By now, we have all heard how important it is to stay inside and “flatten the curve.” There is not a single American who has not been impacted by the current coronavirus outbreak. With schools being closed, businesses being shuttered, and government functions being doled out on an “essential” basis, the impact is being felt far and wide. It is the virtual Wild, Wild West, with so much uncertainty and so many questions. I thought we would use the space in this column to take a look at some of the guidance and direction from our local, state, and federal officials.
- Centers for Disease Control and Prevention
Some simple tips recommended by the Centers for Disease Control and Prevention (CDC) are very useful. The CDC recommends that employers actively encourage sick employees to stay home and not come to work until they are free of fever (100.4°F or greater). Employees who appear to have acute respiratory illness symptoms (e.g., cough, shortness of breath) upon arrival to work, or become sick during the day, should be separated from other employees and sent home immediately.
Employers should ensure that sick-leave policies are flexible and consistent with public health guidance and that employees are aware of these policies. For employees who are sick with acute respiratory illness, eliminate the need for a healthcare provider’s note to validate their illness or return to work, as healthcare provider offices and medical facilities may be extremely busy and not able to provide such documentation in a timely way.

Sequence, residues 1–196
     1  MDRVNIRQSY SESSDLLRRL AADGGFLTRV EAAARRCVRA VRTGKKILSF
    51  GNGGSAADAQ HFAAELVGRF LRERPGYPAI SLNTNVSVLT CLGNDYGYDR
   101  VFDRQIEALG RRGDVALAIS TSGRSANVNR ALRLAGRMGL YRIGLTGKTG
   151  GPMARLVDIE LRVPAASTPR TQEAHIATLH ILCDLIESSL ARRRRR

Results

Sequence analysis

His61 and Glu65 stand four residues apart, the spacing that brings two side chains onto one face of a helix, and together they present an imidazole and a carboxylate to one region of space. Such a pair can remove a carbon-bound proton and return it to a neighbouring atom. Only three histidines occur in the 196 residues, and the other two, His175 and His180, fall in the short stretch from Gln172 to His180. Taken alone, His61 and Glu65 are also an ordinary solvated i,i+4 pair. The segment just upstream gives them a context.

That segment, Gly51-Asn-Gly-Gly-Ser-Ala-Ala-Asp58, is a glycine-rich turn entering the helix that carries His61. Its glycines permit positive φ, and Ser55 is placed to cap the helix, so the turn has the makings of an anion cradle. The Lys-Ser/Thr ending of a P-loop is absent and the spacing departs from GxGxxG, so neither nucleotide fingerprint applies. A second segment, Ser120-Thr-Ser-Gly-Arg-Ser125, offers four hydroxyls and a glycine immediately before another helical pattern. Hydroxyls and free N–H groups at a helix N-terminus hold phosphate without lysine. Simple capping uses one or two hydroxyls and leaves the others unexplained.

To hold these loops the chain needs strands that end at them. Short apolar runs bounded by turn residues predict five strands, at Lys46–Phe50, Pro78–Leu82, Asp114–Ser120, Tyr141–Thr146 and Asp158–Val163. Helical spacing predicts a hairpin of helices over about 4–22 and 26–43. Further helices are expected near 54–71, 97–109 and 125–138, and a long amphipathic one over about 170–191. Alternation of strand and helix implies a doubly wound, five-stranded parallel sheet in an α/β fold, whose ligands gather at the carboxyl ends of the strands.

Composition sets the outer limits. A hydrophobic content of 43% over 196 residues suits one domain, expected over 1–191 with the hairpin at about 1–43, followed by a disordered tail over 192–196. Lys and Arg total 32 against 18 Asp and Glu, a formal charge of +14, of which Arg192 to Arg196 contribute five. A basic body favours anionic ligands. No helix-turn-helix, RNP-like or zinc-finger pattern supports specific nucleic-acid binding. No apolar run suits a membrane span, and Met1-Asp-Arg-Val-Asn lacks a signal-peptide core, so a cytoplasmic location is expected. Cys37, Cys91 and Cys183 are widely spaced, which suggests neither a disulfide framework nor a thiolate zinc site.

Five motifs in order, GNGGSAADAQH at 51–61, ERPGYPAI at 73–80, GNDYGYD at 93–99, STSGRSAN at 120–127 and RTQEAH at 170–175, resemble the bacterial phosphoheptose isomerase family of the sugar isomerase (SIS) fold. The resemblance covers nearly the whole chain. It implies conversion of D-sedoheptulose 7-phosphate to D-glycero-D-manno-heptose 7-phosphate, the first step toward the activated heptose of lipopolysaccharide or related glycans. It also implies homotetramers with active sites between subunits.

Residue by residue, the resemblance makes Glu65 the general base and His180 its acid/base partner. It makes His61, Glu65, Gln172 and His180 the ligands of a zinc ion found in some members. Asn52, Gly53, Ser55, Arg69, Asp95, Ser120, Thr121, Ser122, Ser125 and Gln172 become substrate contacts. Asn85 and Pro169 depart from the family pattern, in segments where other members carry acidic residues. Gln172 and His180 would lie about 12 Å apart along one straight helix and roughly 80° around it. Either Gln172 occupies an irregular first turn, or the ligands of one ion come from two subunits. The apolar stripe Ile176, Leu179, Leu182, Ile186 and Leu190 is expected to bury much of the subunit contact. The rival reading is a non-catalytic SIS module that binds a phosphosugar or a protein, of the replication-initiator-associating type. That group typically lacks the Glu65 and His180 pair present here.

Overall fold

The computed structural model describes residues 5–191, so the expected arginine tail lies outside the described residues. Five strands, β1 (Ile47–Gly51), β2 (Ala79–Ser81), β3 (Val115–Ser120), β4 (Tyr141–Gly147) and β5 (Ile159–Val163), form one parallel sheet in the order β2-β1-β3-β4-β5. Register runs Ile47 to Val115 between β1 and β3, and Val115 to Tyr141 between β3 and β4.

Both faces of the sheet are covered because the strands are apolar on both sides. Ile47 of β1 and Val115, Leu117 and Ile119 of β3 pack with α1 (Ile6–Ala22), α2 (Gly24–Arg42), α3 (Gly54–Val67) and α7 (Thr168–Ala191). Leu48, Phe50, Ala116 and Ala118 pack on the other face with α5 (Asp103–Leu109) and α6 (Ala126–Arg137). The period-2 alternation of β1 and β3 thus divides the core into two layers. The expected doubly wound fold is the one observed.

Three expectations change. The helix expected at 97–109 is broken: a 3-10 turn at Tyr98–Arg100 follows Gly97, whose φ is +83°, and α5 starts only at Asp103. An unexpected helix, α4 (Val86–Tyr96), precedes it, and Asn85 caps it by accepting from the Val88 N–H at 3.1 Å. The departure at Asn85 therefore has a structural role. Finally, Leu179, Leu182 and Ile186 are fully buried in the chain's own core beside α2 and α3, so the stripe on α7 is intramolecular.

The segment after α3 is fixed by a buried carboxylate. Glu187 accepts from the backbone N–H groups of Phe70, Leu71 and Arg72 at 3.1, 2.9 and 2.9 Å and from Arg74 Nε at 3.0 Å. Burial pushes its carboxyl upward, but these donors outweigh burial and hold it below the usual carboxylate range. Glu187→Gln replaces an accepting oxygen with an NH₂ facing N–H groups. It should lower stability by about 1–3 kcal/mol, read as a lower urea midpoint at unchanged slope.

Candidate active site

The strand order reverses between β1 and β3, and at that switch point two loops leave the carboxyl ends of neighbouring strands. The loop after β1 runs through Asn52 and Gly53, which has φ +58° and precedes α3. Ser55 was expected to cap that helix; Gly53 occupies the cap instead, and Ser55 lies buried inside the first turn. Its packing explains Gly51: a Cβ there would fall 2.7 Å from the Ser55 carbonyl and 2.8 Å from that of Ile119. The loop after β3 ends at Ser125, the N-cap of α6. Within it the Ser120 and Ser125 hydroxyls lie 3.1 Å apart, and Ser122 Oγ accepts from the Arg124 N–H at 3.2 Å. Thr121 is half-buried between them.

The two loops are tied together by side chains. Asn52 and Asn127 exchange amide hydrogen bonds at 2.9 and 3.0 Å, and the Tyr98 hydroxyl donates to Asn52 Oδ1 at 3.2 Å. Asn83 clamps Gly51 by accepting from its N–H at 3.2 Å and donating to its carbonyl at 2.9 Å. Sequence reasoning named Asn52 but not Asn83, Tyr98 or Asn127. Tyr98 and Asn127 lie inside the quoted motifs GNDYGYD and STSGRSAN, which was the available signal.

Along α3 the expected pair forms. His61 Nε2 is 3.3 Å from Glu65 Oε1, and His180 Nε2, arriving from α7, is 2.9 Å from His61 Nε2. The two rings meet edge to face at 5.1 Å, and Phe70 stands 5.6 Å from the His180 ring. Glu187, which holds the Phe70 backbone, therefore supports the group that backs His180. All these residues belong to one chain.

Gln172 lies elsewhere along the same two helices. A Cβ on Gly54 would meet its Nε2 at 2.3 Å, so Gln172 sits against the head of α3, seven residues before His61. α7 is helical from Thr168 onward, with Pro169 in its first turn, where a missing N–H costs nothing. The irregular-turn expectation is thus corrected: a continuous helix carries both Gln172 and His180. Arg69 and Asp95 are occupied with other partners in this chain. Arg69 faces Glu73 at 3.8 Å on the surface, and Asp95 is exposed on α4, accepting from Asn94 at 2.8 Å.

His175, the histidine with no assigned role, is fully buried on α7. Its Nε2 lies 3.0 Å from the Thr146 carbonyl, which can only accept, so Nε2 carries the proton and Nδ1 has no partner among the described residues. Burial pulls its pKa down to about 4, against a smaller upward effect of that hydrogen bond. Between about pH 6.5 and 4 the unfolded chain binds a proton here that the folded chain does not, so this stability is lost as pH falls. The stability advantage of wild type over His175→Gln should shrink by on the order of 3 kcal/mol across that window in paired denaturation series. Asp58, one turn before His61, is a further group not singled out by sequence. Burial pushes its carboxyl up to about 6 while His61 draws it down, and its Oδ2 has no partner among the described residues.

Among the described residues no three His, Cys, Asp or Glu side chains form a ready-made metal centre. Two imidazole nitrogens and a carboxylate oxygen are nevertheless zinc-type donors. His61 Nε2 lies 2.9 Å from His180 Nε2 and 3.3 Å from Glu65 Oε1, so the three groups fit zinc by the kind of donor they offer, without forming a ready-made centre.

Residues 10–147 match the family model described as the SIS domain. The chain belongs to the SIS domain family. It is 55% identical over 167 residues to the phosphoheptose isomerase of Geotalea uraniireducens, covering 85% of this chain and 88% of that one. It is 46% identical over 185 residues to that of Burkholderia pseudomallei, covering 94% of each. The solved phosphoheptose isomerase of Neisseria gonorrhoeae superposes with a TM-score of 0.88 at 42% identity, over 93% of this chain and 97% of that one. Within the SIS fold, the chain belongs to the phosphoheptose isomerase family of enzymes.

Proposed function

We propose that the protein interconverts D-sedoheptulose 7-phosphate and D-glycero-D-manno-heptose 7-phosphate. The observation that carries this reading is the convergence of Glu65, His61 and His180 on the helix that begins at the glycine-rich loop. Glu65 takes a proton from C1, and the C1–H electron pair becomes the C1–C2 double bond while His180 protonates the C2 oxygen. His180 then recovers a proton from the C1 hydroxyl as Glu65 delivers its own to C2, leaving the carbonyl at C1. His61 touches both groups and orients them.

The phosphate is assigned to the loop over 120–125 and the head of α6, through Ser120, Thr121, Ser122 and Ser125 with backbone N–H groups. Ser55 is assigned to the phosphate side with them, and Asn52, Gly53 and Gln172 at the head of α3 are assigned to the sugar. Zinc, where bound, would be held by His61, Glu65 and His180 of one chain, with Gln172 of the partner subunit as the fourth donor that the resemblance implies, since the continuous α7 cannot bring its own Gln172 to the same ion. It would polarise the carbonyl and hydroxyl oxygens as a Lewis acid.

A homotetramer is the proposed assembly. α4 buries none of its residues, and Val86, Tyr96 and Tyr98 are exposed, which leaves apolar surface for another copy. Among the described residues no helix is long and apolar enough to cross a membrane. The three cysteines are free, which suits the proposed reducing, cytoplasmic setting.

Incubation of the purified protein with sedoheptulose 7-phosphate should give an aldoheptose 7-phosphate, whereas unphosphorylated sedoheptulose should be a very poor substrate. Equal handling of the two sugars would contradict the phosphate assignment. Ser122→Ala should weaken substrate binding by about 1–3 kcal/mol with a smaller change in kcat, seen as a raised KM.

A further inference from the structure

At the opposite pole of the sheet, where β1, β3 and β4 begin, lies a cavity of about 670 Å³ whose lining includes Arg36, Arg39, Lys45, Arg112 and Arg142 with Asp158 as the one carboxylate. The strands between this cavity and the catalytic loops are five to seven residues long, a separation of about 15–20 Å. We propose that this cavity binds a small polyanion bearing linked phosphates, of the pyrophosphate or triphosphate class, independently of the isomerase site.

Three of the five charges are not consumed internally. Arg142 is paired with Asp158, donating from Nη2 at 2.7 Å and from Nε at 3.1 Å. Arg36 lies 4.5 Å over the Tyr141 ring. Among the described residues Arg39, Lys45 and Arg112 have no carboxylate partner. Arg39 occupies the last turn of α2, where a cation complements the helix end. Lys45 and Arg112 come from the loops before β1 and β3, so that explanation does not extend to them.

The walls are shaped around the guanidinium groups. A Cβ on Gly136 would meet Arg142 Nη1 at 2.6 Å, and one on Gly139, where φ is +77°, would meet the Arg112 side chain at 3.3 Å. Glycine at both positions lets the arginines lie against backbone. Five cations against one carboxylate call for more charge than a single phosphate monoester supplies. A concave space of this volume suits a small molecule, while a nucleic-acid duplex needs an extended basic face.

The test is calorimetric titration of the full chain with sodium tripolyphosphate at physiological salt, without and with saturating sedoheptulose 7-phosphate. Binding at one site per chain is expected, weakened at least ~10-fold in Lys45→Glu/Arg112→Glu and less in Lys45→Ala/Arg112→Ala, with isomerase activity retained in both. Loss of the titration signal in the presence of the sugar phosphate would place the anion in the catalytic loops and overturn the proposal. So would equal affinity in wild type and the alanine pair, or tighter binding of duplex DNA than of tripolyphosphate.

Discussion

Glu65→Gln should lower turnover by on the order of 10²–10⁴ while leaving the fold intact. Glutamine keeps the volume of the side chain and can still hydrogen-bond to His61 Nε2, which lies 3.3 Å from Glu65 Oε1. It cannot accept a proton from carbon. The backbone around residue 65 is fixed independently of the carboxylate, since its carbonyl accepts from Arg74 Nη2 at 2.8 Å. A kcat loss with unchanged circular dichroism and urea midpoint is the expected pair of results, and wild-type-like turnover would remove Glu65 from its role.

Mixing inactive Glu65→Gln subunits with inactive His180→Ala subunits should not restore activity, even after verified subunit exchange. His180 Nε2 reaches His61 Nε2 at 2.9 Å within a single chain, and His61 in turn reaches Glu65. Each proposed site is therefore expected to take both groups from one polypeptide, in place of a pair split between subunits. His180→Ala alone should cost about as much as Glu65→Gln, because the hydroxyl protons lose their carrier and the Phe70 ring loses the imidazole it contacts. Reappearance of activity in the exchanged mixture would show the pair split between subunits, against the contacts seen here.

To the extent a business is operating in the Stone Age and does not already provide for it, employers should maintain flexible policies that permit employees to stay home to care for a sick family member and work remotely.
- Families First Coronavirus Response Act
On March 18, the U.S. Congress passed the Families First Coronavirus Response Act (FFCRA). President Trump signed the measure into law the same day. The law goes into effect on April 2 and continues for the remainder of calendar year 2020. This law includes numerous emergency measures to combat the ongoing Covid-19 pandemic, including important changes to unemployment compensation, and establishes paid sick leave. The law also expands eligibility for paid family leave to care for healthy children in certain circumstances.